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BOOK REVIEW: ‘His Ownself’
Question of the Day
HIS OWNSELF: A SEMI-MEMOIR
By Dan Jenkins
Doubleday, $31, 266 pages
Texans talk funny. A Texan and someone from Wisconsin can say the same thing, but the way the Texan words it makes us smile. For example, a friend who’d worked in Dallas described an easily seized opportunity as “a bird’s nest on the ground,” and he wasn’t even a native Texan.
The late impressionist David Frye, in his LBJ impression, had the president refer to “my two semi-beautiful daughters.” Granted, that’s a bit mean, but most of the funny lines and phrases and terms that Texans use are good-hearted.
The word “semi,” used as a prefix, is much favored by Texans — when the late Larry L. King struck it rich with the Broadway version of “The Best Little Whorehouse in Texas,’ he told people he had become “semi-rich” — but the use had already gone national in 1972 when Sports Illustrated golf and football writer Dan Jenkins used it in the title of his first novel, “Semi-Tough,” a blockbuster that became an equally successful movie starring Burt Reynolds and Kris Kristofferson.
As Mr. Jenkins writes in this self-indulgent romp of a book, “Growing up in Texas, I’d spent a lifetime listening to guys say, ‘I’m semi-tired … He’s a semi-sorry excuse for a football player … I could be two-thirds in love with her if she wasn’t about half [tramp] and semi-dumb.’ ” So when he decided to write a novel, it was only natural that “semi” came to mind.
Like so much in this frequently self-referential book, Mr. Jenkins‘ story of how he found a publisher is enough to make a grown wannabe-writer cry. One night in the spring of 1971 while Mr. Jenkins and his pals were imbibing at P.J. Clarke’s, he ran into fellow Southerner Willie Morris, who asked him what he was working on. “I said I was trying to write a pro football novel, and I was calling it ‘Semi-Tough.’ The fellow with Willie perked up. ‘Semi-Tough?’ he said. ‘I’d buy a novel called “Semi-Tough” if there was nothing in it but blank pages.’ “
The man who said that was Herman Gollob. It was good he was also from Texas, but even better that he was editor in chief of the respected publishing house Atheneum — and buy it he did, based on the partial manuscript Mr. Jenkins delivered to him the very next morning.
Even though he kept his day jobs (SI first and then Golf Digest) for close to 40 years, once Mr. Jenkins had become a “book author” — he kept right on being one. He has written 21 books: 11 novels and 10 books of nonfiction. This output is all the more impressive because Mr. Jenkins was hardly a desk-bound sportswriter. The amount of his travel described in this book is enough to give the reader frequent flyer miles.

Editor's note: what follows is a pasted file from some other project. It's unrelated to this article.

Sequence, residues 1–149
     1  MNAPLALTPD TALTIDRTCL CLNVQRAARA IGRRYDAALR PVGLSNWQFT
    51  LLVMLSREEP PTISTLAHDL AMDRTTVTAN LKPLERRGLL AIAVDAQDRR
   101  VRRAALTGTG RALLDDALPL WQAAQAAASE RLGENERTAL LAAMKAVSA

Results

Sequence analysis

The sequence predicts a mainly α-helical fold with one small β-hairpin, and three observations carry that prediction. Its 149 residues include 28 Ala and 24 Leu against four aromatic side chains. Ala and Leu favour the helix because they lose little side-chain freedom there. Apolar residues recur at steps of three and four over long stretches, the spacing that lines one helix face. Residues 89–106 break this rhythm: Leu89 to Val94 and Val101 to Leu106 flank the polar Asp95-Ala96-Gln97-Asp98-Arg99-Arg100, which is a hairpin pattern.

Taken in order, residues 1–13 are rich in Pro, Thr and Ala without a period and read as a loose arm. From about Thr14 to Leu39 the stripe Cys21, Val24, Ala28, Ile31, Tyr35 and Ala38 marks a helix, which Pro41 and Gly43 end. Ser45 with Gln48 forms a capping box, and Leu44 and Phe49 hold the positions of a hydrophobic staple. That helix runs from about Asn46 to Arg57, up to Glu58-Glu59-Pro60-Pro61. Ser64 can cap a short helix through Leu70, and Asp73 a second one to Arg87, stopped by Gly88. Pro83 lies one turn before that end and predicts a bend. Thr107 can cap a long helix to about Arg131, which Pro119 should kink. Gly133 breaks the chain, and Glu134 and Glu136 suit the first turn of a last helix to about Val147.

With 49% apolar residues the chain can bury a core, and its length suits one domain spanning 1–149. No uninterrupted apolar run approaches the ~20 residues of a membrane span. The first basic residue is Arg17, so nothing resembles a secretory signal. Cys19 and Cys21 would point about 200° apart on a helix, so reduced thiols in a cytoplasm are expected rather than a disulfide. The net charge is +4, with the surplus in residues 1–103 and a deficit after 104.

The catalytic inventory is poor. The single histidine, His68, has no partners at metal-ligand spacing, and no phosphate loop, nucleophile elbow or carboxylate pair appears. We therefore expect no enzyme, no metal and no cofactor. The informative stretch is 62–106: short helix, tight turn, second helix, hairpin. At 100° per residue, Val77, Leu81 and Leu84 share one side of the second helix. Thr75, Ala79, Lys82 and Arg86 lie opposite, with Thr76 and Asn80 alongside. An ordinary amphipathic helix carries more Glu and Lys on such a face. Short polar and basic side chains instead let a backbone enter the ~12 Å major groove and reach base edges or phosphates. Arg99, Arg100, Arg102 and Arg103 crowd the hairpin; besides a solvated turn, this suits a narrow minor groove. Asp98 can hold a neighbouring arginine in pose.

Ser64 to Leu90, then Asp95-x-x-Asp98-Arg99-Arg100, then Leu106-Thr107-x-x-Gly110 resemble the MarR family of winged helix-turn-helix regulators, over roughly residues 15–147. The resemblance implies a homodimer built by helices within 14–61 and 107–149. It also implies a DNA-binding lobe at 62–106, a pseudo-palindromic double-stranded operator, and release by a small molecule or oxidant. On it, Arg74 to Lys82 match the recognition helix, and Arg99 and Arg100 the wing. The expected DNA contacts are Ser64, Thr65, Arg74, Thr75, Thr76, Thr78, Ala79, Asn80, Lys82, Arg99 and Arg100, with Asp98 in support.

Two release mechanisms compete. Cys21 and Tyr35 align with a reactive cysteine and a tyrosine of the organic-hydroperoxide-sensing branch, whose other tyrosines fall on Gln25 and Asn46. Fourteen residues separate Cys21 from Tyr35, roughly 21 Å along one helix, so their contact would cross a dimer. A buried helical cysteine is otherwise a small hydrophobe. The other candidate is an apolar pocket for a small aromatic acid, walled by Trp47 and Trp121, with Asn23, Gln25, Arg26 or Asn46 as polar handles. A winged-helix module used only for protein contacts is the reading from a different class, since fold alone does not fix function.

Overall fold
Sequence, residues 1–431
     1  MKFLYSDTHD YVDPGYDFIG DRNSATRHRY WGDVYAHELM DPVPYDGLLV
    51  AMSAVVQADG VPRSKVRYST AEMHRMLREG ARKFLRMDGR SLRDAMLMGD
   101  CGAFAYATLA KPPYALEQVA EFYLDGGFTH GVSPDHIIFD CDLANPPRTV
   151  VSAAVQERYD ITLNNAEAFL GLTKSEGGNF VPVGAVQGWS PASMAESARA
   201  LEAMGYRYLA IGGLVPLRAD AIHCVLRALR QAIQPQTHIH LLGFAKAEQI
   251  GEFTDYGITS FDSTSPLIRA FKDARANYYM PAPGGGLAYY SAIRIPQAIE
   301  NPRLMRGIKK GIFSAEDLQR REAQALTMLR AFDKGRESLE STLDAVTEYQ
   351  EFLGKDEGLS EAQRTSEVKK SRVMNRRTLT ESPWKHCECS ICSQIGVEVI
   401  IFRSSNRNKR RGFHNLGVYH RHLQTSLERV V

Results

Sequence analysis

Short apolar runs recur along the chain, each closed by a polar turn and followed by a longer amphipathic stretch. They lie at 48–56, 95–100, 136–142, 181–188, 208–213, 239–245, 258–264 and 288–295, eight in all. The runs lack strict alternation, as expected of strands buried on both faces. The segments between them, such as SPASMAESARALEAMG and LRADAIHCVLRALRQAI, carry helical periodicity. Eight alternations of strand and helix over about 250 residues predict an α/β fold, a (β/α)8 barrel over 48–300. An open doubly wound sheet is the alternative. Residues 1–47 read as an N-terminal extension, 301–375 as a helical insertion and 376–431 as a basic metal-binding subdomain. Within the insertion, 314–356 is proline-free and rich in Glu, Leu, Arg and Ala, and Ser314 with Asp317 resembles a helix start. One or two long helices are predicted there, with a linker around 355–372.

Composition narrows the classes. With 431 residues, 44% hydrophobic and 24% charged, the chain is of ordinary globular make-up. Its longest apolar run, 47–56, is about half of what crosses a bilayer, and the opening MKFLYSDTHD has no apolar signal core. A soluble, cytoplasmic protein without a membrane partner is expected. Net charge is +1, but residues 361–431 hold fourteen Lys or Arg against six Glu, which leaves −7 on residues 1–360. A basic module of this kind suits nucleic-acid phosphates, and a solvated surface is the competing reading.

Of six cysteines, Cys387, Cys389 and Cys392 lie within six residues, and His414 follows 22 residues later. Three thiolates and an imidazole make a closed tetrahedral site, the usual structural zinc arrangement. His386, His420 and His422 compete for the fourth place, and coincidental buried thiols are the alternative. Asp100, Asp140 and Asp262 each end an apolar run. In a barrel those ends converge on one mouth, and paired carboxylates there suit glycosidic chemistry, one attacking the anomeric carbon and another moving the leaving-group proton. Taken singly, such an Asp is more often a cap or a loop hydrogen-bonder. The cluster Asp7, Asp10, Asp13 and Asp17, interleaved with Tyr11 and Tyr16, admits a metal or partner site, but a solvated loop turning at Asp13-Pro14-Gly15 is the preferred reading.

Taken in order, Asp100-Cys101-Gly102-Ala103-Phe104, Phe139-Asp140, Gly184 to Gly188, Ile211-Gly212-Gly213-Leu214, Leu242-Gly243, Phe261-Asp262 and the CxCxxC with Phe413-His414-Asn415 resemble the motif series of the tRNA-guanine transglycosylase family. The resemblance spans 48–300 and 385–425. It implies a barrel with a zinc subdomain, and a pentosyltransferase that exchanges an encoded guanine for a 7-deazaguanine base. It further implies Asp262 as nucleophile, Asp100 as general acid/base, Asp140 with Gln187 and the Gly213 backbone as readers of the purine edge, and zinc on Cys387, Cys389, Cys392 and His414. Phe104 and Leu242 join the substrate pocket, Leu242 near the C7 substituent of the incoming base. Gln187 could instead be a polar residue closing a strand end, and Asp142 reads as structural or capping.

The author calls this volume a “semi” memoir, probably because there is so much information about great athletes and great sporting events, but at the same time he tells us quite a bit about his life, and that, too, is fascinating. “One of the best things that ever happened to me,” writes Mr. Jenkins, “was coming from a broken home. It is a particularly good deal if you are an only child and there are loving folks on both sides of the family, which means I was spoiled rotten. A baby Lab couldn’t have had it better.”
He didn’t just have a car in high school in Fort Worth in the mid-to-late 1940s, he had a 1936 Ford roadster with a rumble seat. He also had good clothes and graduation trips (to Europe and to New York City) thanks to doting relatives, but he was a hard worker.
He got the journalism bug early and worked full-time as a reporter while going to college. He got the golf bug even earlier. Fortunately, he was very good, almost good enough to be a pro, and his Texas connections helped enormously in his chosen field. He not only played golf with Ben Hogan, he was his friend.
Mr. Jenkins is an older sportswriter, and many of his references are to star athletes of the distant past, like Sammy Baugh and Doak Walker and Joe Louis. Given that he was born in 1929, it should come as no surprise that he prefers older writers, older movie stars and older music. Politically correct he is not, and loud-and-proudly so.
Above all, Dan Jenkins is funny — even when he is at his most curmudgeonly. How can you stay mad at a guy who can see, and describe, the humor in just about every situation? Like the time he and co-author (and, of course, fellow Texan) Bud Shrake were being interviewed by a very hostile female TV interviewer who disliked their novel, “Limo,” and minced no words in saying so.
After smacking Mr. Jenkins around for most of the interview: “Now she turned to Bud, who hadn’t spoken a word. She said, ‘You don’t talk much, do you? Did you have anything to do with this at all?’ “The twice divorced and brutally hungover Bud Shrake ended the interview. He looked at her painfully and said: ‘I can’t believe I was never married to you.’ “
John Greenya is a Washington-area writer.
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